WavePOD prototype produces first power
The tenth-scale WavePOD was officially switched on by David Waldron, Bosch Rexroth’s UK business manager for machinery applications and renewables, to mark the start of a test programme at the world-leading Institute for Fluid Power Drives and Controls (IFAS) at RWTH Aachen University, Germany.
The prototype, made up of a drive train, cylinder frame and power take off, has been developed by Bosch Rexroth and Aquamarine Power as part of a collaboration including some of Europe’s leading wave energy developers, utilities and academic institutions.
The goal is to develop an industry-wide power take off that will generate electricity reliably and cost-effectively at sea.
Aquamarine Power is testing a full size wave energy device – Oyster 800 - at the European Marine Energy Centre in Orkney.
“We have already learned a tremendous amount through the design, build and commissioning of this WavePOD prototype,” said Aquamarine Power chief executive officer John Malcolm.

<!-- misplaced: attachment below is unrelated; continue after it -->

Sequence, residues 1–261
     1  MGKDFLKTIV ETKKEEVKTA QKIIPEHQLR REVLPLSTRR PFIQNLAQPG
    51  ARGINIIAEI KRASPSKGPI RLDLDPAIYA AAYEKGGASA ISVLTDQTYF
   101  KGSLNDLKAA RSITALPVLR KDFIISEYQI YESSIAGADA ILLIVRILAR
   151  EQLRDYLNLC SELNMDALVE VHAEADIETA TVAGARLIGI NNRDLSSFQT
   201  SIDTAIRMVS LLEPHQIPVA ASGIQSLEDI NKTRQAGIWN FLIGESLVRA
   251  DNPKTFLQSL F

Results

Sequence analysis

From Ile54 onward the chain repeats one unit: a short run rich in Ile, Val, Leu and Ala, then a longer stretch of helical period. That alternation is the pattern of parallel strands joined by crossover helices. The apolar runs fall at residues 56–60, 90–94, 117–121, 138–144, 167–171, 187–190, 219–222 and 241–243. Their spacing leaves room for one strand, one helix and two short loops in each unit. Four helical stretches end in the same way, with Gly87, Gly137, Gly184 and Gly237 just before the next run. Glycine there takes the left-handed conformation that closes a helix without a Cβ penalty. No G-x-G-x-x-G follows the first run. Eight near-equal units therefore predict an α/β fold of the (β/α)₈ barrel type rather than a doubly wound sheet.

“We are now generating electrical power, and the drive train is using real-life hydrodynamic data from Oyster 800 to ensure the power take off is experiencing exactly the same loads it would encounter at sea.
“We aim to finish lab testing by March next year and plan to install a further prototype in real sea conditions on our Oyster 800 machine in Orkney in 2016.”
The WavePOD prototype development and testing programme receives funding support from the Scottish Government’s Marine Renewables Commercialisation Fund (MRCF), managed by the Carbon Trust.
Consortium partners include project founders Aquamarine Power and Bosch Rexroth, along with wave technology developers Albatern, Carnegie Wave Energy UK and M4 WavePower.
It also includes Irish utility ESB, the Offshore Renewable Energy Catapult, IFAS and University College Dublin’s Energy Research Centre.